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A Checklist of Important Information Before Attending Court

Using these suggestions, whether you’re an applicant, respondent, defendant, or witness, may make your court appearance less stressful. There are a few things you should be aware of if you have to represent yourself in court or are about to see your barrister or solicitor for the first time. The top tips for going to court that you need to know. When it’s your turn to speak to a judge or magistrate, a lack of preparation can cause you to talk more slowly, digress from what you were going to say, become distracted, or lose your train of thought.

  • Get a pen and some paper. You must jot down your thoughts. Regardless of how good your memory is, make a note of it. Write it down if you want to remember what you want to say to the judge or your representative, or if you want to record conversations with witnesses, your opponent’s representative, or their representative.
  • Organize the case documents. It is in your best interests to get ready for a court hearing, regardless of how organized you are at work, at home, or both. This isn’t a game. Hearings in court are important. Purchase some file dividers and lever arch files.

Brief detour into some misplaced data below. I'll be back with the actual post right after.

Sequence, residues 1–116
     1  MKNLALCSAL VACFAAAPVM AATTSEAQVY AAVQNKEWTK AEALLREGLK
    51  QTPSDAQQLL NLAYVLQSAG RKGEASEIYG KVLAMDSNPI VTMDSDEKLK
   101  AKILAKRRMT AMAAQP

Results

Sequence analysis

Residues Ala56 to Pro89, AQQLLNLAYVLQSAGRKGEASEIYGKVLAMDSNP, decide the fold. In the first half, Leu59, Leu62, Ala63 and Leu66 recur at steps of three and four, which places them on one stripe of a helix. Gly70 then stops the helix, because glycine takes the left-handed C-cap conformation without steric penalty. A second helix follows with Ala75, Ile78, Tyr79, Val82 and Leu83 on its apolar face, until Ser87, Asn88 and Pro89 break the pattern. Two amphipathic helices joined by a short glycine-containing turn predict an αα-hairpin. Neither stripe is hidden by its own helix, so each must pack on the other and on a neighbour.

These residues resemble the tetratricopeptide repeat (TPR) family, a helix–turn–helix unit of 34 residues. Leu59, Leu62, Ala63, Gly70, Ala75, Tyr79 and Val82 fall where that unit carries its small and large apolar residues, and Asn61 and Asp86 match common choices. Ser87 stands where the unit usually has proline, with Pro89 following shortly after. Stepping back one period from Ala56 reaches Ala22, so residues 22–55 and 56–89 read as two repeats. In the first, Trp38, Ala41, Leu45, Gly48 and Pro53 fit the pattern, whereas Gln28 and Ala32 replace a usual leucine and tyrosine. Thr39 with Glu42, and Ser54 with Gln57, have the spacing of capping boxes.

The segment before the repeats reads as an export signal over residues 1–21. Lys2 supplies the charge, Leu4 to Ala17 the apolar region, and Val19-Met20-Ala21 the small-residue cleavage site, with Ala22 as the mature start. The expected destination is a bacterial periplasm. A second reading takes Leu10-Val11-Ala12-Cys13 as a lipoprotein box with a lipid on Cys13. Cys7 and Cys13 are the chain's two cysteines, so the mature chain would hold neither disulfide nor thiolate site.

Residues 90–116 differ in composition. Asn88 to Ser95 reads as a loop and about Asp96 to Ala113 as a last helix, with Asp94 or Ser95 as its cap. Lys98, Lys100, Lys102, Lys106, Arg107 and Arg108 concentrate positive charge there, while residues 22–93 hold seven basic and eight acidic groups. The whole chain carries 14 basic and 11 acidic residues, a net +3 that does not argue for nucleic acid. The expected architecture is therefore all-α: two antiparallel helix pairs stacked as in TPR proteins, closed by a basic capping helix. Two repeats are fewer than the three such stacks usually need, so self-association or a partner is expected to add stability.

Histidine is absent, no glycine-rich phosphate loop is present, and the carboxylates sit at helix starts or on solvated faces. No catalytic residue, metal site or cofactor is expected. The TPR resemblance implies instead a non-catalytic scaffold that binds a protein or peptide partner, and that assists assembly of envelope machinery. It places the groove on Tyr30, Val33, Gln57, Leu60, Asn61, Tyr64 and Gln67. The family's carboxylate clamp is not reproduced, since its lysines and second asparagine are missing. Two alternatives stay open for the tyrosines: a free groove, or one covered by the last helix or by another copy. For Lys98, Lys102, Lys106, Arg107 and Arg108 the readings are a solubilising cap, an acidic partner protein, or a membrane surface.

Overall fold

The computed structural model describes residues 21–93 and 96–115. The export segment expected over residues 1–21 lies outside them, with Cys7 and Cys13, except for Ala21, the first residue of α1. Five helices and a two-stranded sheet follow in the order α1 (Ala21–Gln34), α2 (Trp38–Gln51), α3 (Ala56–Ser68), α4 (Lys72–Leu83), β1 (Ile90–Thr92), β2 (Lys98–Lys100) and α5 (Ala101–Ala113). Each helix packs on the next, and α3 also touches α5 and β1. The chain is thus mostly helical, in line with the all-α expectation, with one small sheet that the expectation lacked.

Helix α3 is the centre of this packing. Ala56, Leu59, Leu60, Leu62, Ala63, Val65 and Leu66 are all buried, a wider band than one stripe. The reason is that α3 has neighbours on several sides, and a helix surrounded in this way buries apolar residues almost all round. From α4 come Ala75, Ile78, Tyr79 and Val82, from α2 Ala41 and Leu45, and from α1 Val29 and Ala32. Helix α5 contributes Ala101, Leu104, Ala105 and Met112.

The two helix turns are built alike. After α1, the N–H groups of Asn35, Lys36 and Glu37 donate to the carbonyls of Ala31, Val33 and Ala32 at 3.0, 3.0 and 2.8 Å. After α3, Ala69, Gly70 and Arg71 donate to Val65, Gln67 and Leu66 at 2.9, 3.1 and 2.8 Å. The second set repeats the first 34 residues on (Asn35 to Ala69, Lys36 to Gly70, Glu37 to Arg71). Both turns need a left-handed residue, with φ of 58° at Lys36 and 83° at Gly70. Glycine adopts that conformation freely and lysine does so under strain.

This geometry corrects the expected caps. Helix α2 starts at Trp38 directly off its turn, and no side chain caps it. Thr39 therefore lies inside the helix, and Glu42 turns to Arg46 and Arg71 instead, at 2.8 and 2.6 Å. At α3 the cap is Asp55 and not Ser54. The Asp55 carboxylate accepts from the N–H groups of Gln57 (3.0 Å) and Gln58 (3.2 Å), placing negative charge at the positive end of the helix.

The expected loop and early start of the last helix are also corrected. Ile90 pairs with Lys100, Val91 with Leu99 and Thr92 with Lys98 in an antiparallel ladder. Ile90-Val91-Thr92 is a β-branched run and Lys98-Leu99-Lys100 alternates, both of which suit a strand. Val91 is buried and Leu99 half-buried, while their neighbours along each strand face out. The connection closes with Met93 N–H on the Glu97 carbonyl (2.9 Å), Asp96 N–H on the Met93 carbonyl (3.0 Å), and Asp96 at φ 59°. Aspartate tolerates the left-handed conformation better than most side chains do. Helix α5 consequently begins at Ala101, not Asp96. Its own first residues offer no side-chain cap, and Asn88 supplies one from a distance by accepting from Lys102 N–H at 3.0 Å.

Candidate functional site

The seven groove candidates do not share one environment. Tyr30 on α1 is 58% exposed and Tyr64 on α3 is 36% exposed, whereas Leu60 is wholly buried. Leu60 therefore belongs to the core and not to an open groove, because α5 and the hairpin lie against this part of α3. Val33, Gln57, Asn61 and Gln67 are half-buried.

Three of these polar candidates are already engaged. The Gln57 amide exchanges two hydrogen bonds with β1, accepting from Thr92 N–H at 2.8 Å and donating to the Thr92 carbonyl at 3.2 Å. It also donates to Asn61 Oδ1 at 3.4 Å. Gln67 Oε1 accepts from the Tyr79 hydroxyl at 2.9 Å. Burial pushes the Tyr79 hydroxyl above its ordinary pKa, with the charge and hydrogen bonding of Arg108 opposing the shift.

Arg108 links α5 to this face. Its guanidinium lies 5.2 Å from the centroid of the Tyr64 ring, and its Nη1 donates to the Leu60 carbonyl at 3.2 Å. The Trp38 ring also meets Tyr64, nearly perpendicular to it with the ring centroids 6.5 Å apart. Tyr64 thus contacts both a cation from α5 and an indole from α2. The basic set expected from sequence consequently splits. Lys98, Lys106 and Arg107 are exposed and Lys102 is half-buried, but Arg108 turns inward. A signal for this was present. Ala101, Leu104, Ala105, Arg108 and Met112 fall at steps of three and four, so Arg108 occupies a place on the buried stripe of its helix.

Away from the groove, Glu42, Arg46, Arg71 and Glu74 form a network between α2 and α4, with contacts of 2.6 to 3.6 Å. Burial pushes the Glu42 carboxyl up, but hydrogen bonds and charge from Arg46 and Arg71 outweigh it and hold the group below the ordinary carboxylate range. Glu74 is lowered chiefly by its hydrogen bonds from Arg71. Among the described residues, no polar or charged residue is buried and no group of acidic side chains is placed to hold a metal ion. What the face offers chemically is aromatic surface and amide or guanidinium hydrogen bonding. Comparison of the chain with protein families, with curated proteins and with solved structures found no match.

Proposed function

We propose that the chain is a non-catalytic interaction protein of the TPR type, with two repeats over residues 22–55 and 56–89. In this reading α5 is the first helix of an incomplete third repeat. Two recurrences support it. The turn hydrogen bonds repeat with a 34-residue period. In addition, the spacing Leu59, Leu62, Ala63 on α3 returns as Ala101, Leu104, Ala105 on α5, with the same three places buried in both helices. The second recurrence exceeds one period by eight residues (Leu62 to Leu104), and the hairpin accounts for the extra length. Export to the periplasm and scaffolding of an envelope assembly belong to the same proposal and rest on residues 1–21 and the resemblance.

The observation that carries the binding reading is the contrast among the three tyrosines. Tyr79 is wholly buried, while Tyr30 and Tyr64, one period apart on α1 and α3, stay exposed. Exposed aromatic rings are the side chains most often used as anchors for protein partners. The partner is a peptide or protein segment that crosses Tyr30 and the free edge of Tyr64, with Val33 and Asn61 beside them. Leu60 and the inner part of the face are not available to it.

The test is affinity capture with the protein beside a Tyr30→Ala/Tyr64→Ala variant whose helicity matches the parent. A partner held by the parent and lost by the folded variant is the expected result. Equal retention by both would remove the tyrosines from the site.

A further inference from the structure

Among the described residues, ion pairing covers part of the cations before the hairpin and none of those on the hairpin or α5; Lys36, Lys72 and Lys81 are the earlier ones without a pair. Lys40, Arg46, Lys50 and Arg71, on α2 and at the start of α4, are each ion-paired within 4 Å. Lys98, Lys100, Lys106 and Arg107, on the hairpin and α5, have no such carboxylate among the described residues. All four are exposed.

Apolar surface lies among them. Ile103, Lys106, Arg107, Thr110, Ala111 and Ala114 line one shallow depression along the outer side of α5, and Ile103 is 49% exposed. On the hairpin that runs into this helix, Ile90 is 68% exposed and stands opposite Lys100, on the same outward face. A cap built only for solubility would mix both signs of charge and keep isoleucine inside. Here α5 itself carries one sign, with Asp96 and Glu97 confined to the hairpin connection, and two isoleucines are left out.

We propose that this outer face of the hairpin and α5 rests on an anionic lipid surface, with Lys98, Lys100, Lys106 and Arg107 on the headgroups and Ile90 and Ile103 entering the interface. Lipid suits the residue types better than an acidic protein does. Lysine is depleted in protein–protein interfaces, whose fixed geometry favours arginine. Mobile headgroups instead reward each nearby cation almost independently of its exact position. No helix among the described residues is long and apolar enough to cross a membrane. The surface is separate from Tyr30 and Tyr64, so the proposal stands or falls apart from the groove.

• You should file and serve any important paperwork. Any document that has not been submitted to the court and served on your opponent(s) prior to the hearing in compliance with the timeframes established by the court in court directions will not be admissible as evidence. It also indicates that you could be responsible for the hearing’s costs if the hearing is postponed due to the late provision of pertinent evidence.
  • Learn the location of the court and how to get there. Whether you plan to drive or take public transportation, it helps to thoroughly research your route to court. Where can I find parking? How far is the court from the railway or bus station? What time does the court start? What time do you need to arrive? Lack of planning will cause you to be late and could ruin your day if you have to appear in court as a witness or as a participant in legal proceedings. It won’t help you at the court hearing if you arrive late and frazzled. At least 1 hour prior to the hearing, arrive early. Hearings in court are scheduled at a time that works for the court, although they are subject to last-minute changes.

Imran Weldon

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